The Consumer Financial Protection Bureau (CFPB) recently experienced another shakeup in its leadership. After serving as the agency’s chief of staff, Chris D’Angelo is now the CFPB’s new head of supervision and enforcement—the third-most powerful position at the agency—beating out several experienced attorneys for the post.
According to American Banker, the move has prompted serious concerns. For starters, many observers doubt his experience. As Professor Todd Zywicki of George Mason University claims, “It’s an unusual move…especially for somebody who doesn’t have a deep background in the area.” To others, D’Angelo’s role as a regional field director for President Obama’s 2008 campaign and member of the administration makes him “too political for the role he is now playing.”
This is business as usual at the CFPB, whose employees sent 97 percent of their political donations to Democratic candidates in 2012. The agency is riddled with liberals: More than 25 current employees worked on at least one of the Obama campaigns—not to mention those who landed positions in the administration.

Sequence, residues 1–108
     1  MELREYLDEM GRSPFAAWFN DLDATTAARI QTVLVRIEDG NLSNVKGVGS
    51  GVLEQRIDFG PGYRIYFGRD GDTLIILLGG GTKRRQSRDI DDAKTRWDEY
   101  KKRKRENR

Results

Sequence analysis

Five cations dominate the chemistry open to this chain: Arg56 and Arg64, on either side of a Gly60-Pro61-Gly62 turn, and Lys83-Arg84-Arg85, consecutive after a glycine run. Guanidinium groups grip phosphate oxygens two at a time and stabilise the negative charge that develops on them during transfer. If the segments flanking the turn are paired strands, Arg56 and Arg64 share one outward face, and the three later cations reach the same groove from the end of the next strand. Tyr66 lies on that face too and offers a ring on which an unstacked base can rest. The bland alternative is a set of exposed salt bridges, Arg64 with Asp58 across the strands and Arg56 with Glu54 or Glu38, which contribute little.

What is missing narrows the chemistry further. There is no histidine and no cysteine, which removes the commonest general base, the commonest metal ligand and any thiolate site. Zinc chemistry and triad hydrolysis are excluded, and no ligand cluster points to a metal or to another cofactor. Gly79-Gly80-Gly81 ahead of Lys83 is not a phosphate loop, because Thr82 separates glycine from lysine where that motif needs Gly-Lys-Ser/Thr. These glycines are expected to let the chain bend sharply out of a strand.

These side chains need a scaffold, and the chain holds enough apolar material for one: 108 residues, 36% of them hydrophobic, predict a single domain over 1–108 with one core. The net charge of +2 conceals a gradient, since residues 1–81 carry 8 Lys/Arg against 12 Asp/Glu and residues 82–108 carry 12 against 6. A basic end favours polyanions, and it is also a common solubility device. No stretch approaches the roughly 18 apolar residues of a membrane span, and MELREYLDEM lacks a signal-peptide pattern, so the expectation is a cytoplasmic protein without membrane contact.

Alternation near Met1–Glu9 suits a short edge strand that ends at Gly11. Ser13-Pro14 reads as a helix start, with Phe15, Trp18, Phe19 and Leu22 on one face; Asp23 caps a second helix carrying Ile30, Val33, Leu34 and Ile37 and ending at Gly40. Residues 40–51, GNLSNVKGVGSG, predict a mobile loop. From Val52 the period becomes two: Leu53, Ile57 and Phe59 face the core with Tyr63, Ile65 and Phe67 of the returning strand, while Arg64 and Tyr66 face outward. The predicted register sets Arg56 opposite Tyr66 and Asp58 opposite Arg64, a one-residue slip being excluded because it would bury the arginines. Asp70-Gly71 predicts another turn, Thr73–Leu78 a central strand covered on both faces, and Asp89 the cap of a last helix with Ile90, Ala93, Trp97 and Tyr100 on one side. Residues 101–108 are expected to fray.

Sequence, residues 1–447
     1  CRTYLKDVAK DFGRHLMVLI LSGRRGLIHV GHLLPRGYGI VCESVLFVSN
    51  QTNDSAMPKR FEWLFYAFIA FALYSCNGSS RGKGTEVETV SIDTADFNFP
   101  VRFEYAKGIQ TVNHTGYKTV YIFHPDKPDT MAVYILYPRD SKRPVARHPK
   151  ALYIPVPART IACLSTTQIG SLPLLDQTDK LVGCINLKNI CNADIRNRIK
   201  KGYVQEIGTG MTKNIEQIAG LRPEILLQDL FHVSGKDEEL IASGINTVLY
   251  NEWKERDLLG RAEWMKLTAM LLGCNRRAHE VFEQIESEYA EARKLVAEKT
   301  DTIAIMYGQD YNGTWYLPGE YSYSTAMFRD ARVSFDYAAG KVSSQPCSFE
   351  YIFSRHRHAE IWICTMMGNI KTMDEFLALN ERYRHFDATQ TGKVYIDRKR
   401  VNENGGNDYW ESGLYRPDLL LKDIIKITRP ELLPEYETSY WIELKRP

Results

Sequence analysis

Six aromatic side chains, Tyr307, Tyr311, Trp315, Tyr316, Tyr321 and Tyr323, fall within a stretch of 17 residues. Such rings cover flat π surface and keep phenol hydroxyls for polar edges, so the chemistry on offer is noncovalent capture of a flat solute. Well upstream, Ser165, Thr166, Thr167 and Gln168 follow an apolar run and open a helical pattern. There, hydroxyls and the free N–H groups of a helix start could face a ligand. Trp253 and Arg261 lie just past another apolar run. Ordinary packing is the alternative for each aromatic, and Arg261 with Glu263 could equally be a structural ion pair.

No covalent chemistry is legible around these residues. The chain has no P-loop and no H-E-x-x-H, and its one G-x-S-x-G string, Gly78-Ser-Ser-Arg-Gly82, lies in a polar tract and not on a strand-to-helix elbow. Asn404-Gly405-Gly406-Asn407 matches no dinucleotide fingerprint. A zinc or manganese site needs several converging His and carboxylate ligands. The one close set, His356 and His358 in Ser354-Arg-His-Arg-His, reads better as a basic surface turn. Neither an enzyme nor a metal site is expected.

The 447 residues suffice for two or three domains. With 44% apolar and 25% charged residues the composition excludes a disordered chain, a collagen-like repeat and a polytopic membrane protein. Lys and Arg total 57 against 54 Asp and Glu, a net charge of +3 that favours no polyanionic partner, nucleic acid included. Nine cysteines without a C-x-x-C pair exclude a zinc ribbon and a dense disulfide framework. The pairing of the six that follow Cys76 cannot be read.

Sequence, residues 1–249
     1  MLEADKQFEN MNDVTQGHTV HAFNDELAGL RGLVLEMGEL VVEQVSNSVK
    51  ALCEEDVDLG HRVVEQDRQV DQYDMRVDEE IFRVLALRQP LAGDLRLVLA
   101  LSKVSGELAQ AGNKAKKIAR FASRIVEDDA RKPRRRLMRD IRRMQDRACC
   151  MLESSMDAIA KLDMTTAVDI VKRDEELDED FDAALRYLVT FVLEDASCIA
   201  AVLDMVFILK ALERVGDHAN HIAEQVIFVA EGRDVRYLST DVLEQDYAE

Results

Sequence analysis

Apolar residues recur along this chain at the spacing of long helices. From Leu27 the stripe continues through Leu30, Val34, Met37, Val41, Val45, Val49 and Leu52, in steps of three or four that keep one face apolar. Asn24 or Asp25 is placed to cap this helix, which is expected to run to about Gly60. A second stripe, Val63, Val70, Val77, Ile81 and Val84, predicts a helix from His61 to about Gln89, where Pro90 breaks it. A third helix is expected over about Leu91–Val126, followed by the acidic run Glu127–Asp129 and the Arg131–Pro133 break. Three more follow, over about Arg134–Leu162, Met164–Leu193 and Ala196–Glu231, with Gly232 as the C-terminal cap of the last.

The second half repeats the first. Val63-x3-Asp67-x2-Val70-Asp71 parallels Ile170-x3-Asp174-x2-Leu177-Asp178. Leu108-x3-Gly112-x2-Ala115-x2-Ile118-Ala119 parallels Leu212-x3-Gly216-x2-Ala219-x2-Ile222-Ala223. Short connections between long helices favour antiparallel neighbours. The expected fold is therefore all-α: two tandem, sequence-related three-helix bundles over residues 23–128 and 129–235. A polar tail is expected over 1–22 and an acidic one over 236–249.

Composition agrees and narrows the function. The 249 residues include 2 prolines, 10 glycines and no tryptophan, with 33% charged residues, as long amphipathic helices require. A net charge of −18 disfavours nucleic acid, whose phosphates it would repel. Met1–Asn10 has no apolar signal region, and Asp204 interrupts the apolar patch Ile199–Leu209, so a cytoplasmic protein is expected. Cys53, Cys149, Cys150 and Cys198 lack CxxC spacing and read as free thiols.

Unsurprisingly, D’Angelo also beat out several women and minorities for his new position. The CFPB has long been criticized for perpetuating a culture of racial discrimination, where minority employees often fall behind their white counterparts. One former CFPB employee likened the agency’s workplace culture to a “plantation,” arguing that most black employees are given lowly data entry tasks while white employees receive more complex assignments. Another agency worker described his CFPB experiences as a “living hell,” claiming that top brass often rely on retaliation to assert their power.
The promotion of Chris D’Angelo seems like just another disappointment coming out of the CFPB.